Dollar Slips; Commodity Currencies Rise
OCTOBER 04, 2021
The U.S. dollar starts the week under pressure against most of its G10 counterparts, with notable weakness against its commodity-based counterparts.
Indeed, commodities from iron ore to energy are up to start the week.
We will continue to keep a close eye on Washington. Last week, Congress passed a nine-week spending bill to avert a government shutdown. However, the bill did not include an increase in the debt ceiling. U.S. Treasury Secretary Janet Yellen has set a dealing of October 18th. The U.S. could exhaust its ability to borrow money by the end of this month, creating a risk for sentiment and potentially an opportunity for the greenback to weaken significantly. President Joe Biden will be in Congress today to try to build consensus.
There is a ton of data on this week’s docket. Later this morning, durable goods and U.S. factory orders will cross the wire at 10 a.m. The biggest risk event on the week’s docket will be Friday Non-Farm payrolls. St. Louis Fed chief Bullard is the only Fed speaker on today’s schedule.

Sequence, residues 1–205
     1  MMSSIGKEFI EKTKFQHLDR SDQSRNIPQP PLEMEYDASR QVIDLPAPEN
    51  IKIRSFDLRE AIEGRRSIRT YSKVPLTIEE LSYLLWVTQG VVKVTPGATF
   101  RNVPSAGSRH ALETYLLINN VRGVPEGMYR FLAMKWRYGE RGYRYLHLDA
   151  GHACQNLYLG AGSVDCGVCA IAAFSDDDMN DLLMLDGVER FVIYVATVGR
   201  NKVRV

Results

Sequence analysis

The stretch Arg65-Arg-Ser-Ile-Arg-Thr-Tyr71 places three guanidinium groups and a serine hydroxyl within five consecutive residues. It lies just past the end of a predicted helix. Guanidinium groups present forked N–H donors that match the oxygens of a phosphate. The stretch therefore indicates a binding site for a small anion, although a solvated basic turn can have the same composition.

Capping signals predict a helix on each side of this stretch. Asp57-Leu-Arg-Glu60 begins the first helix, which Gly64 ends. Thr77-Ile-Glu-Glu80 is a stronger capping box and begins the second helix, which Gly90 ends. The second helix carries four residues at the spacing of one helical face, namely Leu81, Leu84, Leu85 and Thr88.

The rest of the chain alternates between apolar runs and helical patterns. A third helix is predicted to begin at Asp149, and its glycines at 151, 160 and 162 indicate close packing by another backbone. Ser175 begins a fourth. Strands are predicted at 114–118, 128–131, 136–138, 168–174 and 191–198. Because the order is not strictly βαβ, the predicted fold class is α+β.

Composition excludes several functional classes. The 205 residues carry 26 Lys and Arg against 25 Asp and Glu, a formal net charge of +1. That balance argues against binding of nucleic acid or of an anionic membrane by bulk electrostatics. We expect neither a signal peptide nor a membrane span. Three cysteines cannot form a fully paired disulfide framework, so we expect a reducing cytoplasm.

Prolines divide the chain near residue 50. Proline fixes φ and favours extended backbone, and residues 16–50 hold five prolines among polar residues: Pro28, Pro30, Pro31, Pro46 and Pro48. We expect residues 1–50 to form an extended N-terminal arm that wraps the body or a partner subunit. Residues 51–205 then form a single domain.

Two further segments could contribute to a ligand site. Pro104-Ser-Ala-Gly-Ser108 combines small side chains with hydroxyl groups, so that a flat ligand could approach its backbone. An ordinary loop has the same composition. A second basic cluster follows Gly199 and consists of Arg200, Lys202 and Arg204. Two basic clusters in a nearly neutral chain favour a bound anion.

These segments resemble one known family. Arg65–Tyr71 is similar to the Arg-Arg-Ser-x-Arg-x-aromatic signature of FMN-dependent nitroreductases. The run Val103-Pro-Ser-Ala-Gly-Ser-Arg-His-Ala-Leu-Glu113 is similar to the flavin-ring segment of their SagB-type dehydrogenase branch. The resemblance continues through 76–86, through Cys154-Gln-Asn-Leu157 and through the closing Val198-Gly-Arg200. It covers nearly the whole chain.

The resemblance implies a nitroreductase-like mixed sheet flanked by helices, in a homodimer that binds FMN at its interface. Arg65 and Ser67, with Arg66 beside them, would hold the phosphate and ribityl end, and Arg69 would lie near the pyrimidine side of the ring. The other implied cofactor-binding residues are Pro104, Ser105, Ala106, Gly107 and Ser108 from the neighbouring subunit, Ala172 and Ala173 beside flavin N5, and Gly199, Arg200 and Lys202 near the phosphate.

What to Watch Today…
- Durable Goods orders at 10 a.m.
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The British pound is up for the third straight day, adding 0.4% to the rally enjoyed at the end of last week. Volatility in GBP/USD is now at a five-month high as half a percentage point swings have become the new normal. Traders may be looking ahead to the Bank of England’s next meeting in November as the central bank tries to tackle rising inflation, especially in the energy sector.
This is a light week for British economic data, so GBP/USD is likely to take its cues from developments on this side of the pond.
The Canadian dollar found support and gained 0.3% versus the U.S. dollar as the price of oil rebounded from Friday’s losses. The loonie is up three consecutive days against the greenback.
Oil cartel OPEC+ will meet virtually today in the midst of a global energy crunch, especially in Europe. Most expect that OPEC+ will increase production by 400K barrels a day. Despite the uptick in production expected prices for oil are near multi-year highs.